My birthday is at the end of May, so I just missed out starting school by my fifth birthday, which was the usual starting date. By the time I did get to school I was almost six years old. It was exciting as well as frightening. I did not know at that point that my hearing had already been damaged, since this was four years after the measles. I remember asking my mother once I was an adult, if anyone was aware of my hearing problems. She said no but did describe me as a “bit of a yeller”.
On my first day my elder brother took me to school with instructions to make sure I was alright. We travelled the couple of miles or so to the town centre where the parish school was located. I rode on the cross bar of his bicycle, speeding down the relatively steep hill on the way. After our arrival he left me at the ‘bubs’ room and told me to stay there until we were called in. Even though I was a very boisterous child at home, my social skills were sadly lacking and I was very shy out in the world. I come from a large family so had plenty of siblings to play with, and because I found it difficult to make friends, did not seek out other playmates.
As a parish school, all the teachers were nuns of the order of St. Josephs. In the early 50s the adage of ‘children should be seen and not heard’ was very much in force, as was corporal punishment. As long ago now as it was, there are still some incidents that I remember vividly. The first was in my very first class and maybe even within the first week. Shy as I was I definitely did not sit up the front, but rather hid myself somewhere near the back of the room. On this occasion the teacher/nun had already warned everyone about speaking in class, but I had not heard her clearly. I asked the girl sitting next to me what was said. The nun, of course, heard me and called me up to the front of the class. There I was told to put out my hand, whereupon it was lashed with a cane. The canes were made of thin bamboo and had the capacity to inflict considerable pain.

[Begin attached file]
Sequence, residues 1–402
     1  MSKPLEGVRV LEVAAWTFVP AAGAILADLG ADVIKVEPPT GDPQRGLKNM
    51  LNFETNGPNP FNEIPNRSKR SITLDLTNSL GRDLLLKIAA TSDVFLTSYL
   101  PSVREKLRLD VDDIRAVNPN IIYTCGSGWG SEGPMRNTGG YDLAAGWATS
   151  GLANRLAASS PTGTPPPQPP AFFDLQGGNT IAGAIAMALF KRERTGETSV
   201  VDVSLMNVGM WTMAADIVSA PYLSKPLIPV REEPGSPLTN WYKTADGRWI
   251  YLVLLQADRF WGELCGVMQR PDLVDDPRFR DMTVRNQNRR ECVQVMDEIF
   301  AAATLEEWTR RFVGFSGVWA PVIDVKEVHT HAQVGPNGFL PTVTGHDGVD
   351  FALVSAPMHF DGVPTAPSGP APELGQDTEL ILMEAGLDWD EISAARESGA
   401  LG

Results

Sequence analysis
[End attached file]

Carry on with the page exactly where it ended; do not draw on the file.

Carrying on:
I was shocked and horrified and probably burst into tears at this unfair treatment – unfair to me anyway. This was also a time when explanations of behaviour were regarded as a mere ‘excuse’. Children were rarely listened to and were expected to not speak unless told to.
Like my other siblings I was endowed with plenty of brainpower. I remember the very first reader we had – something to do with John and Betty and Spot. In spite of our difficult family circumstances, our mother actively encouraged us with our learning. She had been required to leave school early to get work and always regretted it. Homework for us was a priority, reading encouraged by an excellent collection of books at home for us to read. Anyway, back to John and Betty and Spot. I was just learning to read, which I accomplished quite quickly. It only took me 2-3 weeks to finish this primer, whereupon I asked my teacher for another book only to be told that this was it for the year.
All my life I have found that once I have read a book, I generally have no further interest in it. There were too many other books out there in the world for me to explore. It is only occasionally that I re-read books and only if I had particular enjoyment from them. I was too young to join the local library (you had to be age 7) and the school did not have a library of its own. As a little Gemini, my mind was constantly looking for further stimulation, so the thought of being condemned (as I saw it) to rereading about John and Betty and Spot for a whole year was almost too much to bear – it was SO BORING!